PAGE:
Secondary: Rapid Response Assemblies
DISCOVERY OF THE HIGGS BOSON?
By Gordon Lamont
Suitable for Key Stages 3 and 4
To explain and celebrate this exciting scientific discovery and consider its implications.
Preparation and resources
You will need any two objects of roughly similar size but of clearly different weights, such as:
- a full bottle of water and an empty one
- a box full of books and an empty box
- some cotton wool and a similarly sized book.
Show the two objects and ask which is the heavier. This will be more effective if you use a light box and a heavier box (or bags), because you could ask a student to lift them both and then reveal why one is heavier than the other. Point out that it is obvious very quickly which is heavier, but ask what we really mean when we say that something is heavy. Often, when we’re not speaking in scientific terms we mean that it feels heavy to us.
- Point out that what we call weight is really the effect of gravity on the mass, the amount of ‘stuff’ that makes up an object. One of the objects you showed has more mass than the other and so Earth’s gravity acts on it more strongly, making it feel heavier to us. If we were in the International Space Station, the objects wouldn’t feel heavy because there is no gravity there, but they would still have their mass, the basic material of which they are composed.
- So thinking about the weight or mass of things is not as simple as it seems, and scientists at Cern in Geneva have been asking questions about mass and where it comes from. They have been running a huge experiment using the Large Hadron Collider to accelerate atoms to amazing speeds, before crashing them into each other to break them apart to see what they are made of. They have been looking for something they call the Higgs Boson particle, named after Professor Peter Higgs, one of the scientists who first proposed the idea in the 1960s. (Many journalists and others have referred to the Higgs Boson particle as the ‘God’ particle.) The idea is that all of space is filled by a ‘Higgs field’, and other particles get their mass when they travel through it – a bit like the heavy feeling you get if you wade through water, or fight your way through a crowd of people all flowing around you.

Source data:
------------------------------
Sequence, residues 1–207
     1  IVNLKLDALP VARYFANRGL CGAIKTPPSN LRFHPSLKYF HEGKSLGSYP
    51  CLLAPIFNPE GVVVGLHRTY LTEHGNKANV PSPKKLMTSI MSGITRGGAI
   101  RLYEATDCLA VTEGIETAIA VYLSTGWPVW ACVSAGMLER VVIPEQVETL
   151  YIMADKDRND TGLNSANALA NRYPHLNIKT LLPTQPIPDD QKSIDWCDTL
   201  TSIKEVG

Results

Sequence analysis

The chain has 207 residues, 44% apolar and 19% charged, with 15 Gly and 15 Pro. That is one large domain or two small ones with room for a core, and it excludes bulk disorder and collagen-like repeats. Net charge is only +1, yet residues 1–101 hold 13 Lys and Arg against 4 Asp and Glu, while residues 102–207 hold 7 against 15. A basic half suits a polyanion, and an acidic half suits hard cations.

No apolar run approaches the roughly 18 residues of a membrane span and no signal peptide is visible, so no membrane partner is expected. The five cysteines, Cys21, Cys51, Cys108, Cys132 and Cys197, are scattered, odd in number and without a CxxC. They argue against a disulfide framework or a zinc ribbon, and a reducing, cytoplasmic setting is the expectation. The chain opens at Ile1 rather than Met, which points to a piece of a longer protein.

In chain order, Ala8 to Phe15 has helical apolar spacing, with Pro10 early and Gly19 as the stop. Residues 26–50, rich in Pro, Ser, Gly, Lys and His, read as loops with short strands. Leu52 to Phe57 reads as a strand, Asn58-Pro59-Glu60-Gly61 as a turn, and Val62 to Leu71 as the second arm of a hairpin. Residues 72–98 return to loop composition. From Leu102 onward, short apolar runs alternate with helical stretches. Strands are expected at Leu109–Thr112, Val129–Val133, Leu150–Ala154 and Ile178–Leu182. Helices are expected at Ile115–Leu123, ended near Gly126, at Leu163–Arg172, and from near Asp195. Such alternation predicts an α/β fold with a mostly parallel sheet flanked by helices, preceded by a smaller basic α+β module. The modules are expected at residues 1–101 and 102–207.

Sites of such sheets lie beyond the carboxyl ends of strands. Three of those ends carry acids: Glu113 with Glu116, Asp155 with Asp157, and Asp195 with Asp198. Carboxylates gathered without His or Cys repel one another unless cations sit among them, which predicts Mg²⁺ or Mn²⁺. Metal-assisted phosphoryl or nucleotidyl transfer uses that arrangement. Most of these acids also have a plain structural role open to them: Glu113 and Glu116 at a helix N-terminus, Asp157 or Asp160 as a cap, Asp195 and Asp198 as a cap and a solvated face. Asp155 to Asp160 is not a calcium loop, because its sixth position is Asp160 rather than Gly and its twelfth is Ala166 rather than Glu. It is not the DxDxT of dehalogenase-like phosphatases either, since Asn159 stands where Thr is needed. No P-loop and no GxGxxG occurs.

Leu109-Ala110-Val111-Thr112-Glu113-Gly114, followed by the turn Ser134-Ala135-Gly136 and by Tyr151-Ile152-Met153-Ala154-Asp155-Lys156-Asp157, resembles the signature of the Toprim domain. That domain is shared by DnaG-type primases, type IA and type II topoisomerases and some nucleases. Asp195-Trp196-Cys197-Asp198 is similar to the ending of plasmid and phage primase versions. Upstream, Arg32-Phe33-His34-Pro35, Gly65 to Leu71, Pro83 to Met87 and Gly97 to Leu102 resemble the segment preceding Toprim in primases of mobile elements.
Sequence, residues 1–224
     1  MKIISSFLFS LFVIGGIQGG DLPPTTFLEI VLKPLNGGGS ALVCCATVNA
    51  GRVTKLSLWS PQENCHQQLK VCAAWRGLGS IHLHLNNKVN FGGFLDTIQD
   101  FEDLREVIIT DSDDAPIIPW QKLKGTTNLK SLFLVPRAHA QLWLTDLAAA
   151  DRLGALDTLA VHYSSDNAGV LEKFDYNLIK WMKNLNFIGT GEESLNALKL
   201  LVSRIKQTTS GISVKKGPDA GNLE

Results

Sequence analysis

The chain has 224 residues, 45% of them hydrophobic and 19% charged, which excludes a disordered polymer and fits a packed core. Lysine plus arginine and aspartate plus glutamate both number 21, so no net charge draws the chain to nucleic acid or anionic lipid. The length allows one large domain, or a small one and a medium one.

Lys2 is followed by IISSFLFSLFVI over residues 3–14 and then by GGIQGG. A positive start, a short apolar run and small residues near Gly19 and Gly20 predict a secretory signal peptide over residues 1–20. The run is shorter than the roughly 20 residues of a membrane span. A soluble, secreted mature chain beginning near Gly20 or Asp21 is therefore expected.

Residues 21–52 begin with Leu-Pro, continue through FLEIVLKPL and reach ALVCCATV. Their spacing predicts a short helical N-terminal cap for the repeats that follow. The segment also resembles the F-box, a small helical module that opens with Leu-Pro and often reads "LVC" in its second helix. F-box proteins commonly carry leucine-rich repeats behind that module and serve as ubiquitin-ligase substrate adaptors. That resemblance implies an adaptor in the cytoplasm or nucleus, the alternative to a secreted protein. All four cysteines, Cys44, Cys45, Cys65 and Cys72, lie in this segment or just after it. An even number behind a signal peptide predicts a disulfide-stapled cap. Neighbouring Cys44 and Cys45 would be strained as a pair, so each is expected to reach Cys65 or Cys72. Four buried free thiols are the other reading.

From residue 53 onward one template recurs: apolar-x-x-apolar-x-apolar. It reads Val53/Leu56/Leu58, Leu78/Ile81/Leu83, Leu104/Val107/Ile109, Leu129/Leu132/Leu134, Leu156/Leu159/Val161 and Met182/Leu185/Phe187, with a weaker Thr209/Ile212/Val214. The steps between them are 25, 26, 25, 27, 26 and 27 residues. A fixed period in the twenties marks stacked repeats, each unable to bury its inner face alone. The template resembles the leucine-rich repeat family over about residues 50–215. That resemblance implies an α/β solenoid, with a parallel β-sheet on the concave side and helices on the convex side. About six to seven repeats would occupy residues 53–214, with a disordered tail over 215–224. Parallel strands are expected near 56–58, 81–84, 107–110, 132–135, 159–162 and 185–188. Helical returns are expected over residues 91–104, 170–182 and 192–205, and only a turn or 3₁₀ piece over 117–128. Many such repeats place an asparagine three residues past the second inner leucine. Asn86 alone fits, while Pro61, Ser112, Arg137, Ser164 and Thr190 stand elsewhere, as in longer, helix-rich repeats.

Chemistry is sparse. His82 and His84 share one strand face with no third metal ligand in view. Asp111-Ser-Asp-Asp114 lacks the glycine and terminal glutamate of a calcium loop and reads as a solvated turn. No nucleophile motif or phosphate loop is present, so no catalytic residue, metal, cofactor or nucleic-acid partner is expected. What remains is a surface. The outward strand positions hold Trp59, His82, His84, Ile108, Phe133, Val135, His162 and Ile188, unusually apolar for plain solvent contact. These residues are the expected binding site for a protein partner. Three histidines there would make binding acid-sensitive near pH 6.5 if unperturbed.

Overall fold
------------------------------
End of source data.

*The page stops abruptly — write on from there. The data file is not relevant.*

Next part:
Anyhow, the scientists think they’ve found the particle! They’ve certainly found something very like it, but it will take a while before they can be sure how it behaves and how it fits with their theories. However that turns out, this is a fantastic discovery.
- ‘So what?’ you might be asking yourself. ‘What has all this high-level science to do with me?’
Given that the scientists are still asking lots of questions, you’re not likely to get to play with a Higgs Boson particle on the sports field or even in the school lab! Humans seem to have a deep desire to find things out, to explore and understand. For some, this is about testing their own limits in sport, or creating art, music and drama. For others, it is about physical exploration – going places, meeting different people and understanding their cultures. For the scientists at Cern, it is about the very fundamental nature of the physical world – the atom and what lies within it. This discovery may well turn out to be one of the most fundamental of all time. No one knows where it will lead but there’s a very good chance that this new understanding will lead to new technologies and inventions which we cannot yet imagine just as Shakespeare or Elizabeth I would not have dreamed of smartphones, vaccines or space stations.
Time for reflection
Humans must explore, discover and understand.
Where does your desire for exploration take you?
Take time to give thanks for our amazing ability to chase after the answers, and for the people who are clever enough to do that for us.
Use some of the music from ‘Oxygène’ by Jean-Michel Jarre (widely available to download).